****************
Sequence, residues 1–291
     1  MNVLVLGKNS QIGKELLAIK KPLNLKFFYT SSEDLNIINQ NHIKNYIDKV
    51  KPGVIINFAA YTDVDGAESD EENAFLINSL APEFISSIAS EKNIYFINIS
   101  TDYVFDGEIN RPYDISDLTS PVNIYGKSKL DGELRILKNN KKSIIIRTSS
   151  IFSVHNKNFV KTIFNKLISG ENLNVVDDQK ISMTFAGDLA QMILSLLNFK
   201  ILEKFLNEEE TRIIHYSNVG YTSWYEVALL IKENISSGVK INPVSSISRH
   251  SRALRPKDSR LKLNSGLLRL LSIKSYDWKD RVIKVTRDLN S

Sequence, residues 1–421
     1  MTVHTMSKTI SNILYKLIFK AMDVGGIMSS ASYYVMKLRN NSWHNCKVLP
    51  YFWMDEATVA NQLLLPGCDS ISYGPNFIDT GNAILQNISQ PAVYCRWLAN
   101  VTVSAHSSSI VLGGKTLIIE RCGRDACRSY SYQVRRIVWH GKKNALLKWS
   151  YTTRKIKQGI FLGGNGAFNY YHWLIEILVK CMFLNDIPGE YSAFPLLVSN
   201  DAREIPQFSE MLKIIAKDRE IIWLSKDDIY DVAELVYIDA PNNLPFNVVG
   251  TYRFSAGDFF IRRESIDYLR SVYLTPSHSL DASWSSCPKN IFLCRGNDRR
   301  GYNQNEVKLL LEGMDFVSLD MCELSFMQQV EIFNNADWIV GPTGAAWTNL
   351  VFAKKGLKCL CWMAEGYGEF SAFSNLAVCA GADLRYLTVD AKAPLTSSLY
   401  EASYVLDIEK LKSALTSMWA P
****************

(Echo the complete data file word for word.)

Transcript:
Sequence, residues 1–291
     1  MNVLVLGKNS QIGKELLAIK KPLNLKFFYT SSEDLNIINQ NHIKNYIDKV
    51  KPGVIINFAA YTDVDGAESD EENAFLINSL APEFISSIAS EKNIYFINIS
   101  TDYVFDGEIN RPYDISDLTS PVNIYGKSKL DGELRILKNN KKSIIIRTSS
   151  IFSVHNKNFV KTIFNKLISG ENLNVVDDQK ISMTFAGDLA QMILSLLNFK
   201  ILEKFLNEEE TRIIHYSNVG YTSWYEVALL IKENISSGVK INPVSSISRH
   251  SRALRPKDSR LKLNSGLLRL LSIKSYDWKD RVIKVTRDLN S

Sequence, residues 1–421
     1  MTVHTMSKTI SNILYKLIFK AMDVGGIMSS ASYYVMKLRN NSWHNCKVLP
    51  YFWMDEATVA NQLLLPGCDS ISYGPNFIDT GNAILQNISQ PAVYCRWLAN
   101  VTVSAHSSSI VLGGKTLIIE RCGRDACRSY SYQVRRIVWH GKKNALLKWS
   151  YTTRKIKQGI FLGGNGAFNY YHWLIEILVK CMFLNDIPGE YSAFPLLVSN
   201  DAREIPQFSE MLKIIAKDRE IIWLSKDDIY DVAELVYIDA PNNLPFNVVG
   251  TYRFSAGDFF IRRESIDYLR SVYLTPSHSL DASWSSCPKN IFLCRGNDRR
   301  GYNQNEVKLL LEGMDFVSLD MCELSFMQQV EIFNNADWIV GPTGAAWTNL
   351  VFAKKGLKCL CWMAEGYGEF SAFSNLAVCA GADLRYLTVD AKAPLTSSLY
   401  EASYVLDIEK LKSALTSMWA P